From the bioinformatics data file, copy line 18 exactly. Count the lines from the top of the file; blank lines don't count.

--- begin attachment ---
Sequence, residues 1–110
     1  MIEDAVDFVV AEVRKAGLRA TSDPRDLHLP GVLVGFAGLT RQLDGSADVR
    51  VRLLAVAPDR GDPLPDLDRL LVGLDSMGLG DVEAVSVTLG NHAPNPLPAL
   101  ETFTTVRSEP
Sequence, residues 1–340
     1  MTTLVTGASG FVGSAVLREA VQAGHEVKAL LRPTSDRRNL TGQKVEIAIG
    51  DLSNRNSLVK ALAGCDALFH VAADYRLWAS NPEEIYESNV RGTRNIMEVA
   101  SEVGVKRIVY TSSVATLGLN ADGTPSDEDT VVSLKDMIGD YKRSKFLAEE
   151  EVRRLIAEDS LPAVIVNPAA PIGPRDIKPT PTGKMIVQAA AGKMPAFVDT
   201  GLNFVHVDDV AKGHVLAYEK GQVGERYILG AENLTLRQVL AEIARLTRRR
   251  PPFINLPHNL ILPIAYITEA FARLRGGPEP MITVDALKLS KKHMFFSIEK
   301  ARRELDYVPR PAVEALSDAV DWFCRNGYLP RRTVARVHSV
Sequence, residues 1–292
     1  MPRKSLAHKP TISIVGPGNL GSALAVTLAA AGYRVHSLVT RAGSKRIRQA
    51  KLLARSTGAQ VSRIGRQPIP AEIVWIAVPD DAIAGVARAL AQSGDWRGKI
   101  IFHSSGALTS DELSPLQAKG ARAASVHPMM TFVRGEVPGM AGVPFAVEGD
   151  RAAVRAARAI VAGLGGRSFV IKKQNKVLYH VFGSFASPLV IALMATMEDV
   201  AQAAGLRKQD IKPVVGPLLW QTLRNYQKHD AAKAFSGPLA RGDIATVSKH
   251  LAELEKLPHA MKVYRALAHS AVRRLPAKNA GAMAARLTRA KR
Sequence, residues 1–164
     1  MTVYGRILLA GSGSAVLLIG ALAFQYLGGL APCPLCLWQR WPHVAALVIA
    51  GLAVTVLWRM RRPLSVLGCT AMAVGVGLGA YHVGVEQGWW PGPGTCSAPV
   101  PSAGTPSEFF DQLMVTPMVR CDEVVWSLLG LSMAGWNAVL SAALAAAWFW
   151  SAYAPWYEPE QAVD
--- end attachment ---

   201  AQAAGLRKQD IKPVVGPLLW QTLRNYQKHD AAKAFSGPLA RGDIATVSKH